Read the full analysis of the poem Love’s Dog by Jane Hadfield below. The speaker is talking about her love-hate relationship with love, and she is using extensive comparisons, demonstrating love’s contradictions and complexities via direct and simple language.
What I love about love is its diagnosis
What I hate about love is its prognosis
What I hate about love is its me me me
What I love about love is its Eat-me/Drink-me
(Full poem unable to be reproduced due to copyright restrictions)
- Diagnosis – the identification of the nature of an illness or other problem by examination of the symptoms
- Prognosis – a forecast of the likely outcome of an illness or situation
- Petting zoo – a zoo full of cute animals, that visitors can pet and cuddle
- Serum – an amber-coloured, protein-rich liquid which separates out when blood coagulates
- Potion – a liquid with healing, magical, or poisonous properties
- Doubloons – Spanish gold coins
- Loathe – feel intense dislike or disgust for
STORY + SUMMARY
What I love about love, is its diagnosis – the part where you idealise it and expect it to be great – and what I hate about is its prognosis – the likely reality of it, the way it might fade or end with time.
What I hate about love is that it’s all about me, but what I love about it is it’s ‘eat me/ drink me’ nature (this may be a reference to the all-consumptive nature of love, where it eclipses all other needs, and also an allusion to Alice in Wonderland, where the protagonist Alice eats and drinks substances which make her grow and shrink in size).
What I love about love is that it’s like being an animal in a petting zoo, with you being the zookeeper.
What I love about love is its truth serum – the way that it encourages honesty – and what I hate about it is its shrinking potion – the way that it narrows your world down.
What I love about love is its doubloons – its golden richness – and its bird-bones.
What I hate about love is its boil-wash – the intense bubbling passions when it becomes too hot – but I love its spin-cycle – the giddy, dizzy feeling of love where it feels like you’re being whirled around.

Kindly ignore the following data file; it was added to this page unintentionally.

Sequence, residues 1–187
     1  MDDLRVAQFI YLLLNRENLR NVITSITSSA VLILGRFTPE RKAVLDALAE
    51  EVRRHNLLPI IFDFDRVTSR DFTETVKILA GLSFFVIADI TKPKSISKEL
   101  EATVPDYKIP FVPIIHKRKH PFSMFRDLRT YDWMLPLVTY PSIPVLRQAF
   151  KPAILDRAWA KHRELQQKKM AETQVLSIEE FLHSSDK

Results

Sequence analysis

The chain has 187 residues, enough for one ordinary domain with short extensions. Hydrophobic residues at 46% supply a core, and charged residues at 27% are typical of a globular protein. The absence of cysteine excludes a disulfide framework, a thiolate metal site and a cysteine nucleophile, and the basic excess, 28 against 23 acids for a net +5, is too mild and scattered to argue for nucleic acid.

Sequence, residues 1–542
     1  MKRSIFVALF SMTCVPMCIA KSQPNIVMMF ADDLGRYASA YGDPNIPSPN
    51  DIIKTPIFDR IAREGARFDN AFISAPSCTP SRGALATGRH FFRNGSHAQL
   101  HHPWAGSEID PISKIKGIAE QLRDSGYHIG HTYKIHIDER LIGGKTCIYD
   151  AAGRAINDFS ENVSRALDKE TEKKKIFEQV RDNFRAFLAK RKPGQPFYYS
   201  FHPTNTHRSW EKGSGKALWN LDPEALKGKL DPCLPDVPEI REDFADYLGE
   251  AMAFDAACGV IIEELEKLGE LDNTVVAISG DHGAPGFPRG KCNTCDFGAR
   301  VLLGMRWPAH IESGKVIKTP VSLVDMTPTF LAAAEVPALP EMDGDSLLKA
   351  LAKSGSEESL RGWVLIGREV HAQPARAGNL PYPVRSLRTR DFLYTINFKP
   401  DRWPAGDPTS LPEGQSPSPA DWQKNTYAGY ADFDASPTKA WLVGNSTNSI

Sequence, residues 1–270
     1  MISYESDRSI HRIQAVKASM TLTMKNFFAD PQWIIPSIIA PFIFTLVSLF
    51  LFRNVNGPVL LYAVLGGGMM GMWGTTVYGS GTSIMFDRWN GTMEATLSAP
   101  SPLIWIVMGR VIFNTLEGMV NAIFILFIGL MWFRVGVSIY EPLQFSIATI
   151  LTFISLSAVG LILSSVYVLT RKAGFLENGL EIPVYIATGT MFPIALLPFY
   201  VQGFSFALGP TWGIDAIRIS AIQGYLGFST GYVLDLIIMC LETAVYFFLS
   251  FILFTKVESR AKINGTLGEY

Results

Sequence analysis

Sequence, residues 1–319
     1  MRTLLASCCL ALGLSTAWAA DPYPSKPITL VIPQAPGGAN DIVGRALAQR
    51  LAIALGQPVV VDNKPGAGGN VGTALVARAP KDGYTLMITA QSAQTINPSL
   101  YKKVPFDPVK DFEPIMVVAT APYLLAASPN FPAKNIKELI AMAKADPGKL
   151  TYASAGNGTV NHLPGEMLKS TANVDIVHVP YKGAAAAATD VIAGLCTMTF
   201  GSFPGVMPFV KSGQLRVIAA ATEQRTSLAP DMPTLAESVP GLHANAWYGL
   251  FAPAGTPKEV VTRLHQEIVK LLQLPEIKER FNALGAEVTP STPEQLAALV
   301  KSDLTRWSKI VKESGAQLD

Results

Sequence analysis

I really loathe love’s burnt toast and bone meal, but I also hate its bent cigarette.
What I love about love is its pirate-like qualities, but I really hate it when it’s like a sick parrot.
SPEAKER + VOICE
The speaker expresses her love-hate relationship with love in an insightful tone. At first, it may seem that she’s nonsensically reeling off a series of images and phenomena that vaguely connect to the idea of love, but delving deeper into the poem we realise that she is using extensive comparisons, demonstrating love’s contradictions and complexities via direct and simple language.
The poem predominantly uses first-person singular pronouns, such as “me” and “I”, with the exception of a single mention of the second-person pronoun “you” in the second line of the third stanza. The dash preceding the pronoun further draws attention to it, suggesting that there is an intended specific addressee of the poem, who is the speaker’s lover.
Metaphors – Hadfield extensively employs this stylistic device – as seen in the first line where instead of love being an abstract emotion, it is turned into a series of metaphors. For instance, the notion of loving love’s diagnosis, depicts it as a tangible, anatomical phenomenon that can be tested for. Hadfield implies therefore that love is a physical manifestation of who we are on a fundamental level.
Imagery – “What I love about love is its pirate” – this phrase evokes a visual image within the reader’s mind, suggesting something roguish and daring about love, as well as its ability to break rules and perhaps steal or plunder a person’s soul. Hadfield suggests that love has hijacked her, just as pirates do to ships at sea.
Zoomorphism – The title “Love’s Dog” personifies love as a loyal, domestic creature. The speaker tries to convey the idea that her loyalty towards love can be equated to that of a dog’s loyalty to its humans. However, dogs can also be ferocious and attack if threatened – thus, from the title of the poem, Hadfield introduces tension between the conflicting characteristics of love.
Zoomorphism can also be seen in the last line where Hadfield expresses her dislike for “love’s sick parrot” right after talking about her love for love’s characteristics as a pirate. She conveys the idea that love can be squawking and repetitive as if it is an annoying companion at times.
Emotive language – The speaker expresses herself passionately as depicted through her use of strong emphatic verbs such as “love” instead of “like”, and “hate” and “loathe” instead of “dislike”. She seems to ultimately love her partner, as she envisions him as a ‘zookeeper’ in a ‘petting zoo’, and equates their love with ‘dubloons’ – high value gold coins. The ‘spin-cycle’ of a washing machine suggests the dizzying feeling that his love provides, and the ‘truth serum’ that elicits honesty and openness. Yet, there are negative repercussions to this intensity too – as evidenced by the counterpointed imagery in the poem: ‘boil-wash’, ‘sick parrot’, ‘shrinking potion’, ‘me me me’.